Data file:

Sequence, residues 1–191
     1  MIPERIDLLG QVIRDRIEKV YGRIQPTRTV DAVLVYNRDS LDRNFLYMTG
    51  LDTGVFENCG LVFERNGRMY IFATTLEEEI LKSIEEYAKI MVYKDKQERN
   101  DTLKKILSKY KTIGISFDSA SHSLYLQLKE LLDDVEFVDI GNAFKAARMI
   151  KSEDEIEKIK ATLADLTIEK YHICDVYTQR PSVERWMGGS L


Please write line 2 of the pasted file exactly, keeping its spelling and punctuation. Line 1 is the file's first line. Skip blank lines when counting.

     1  MIPERIDLLG QVIRDRIEKV YGRIQPTRTV DAVLVYNRDS LDRNFLYMTG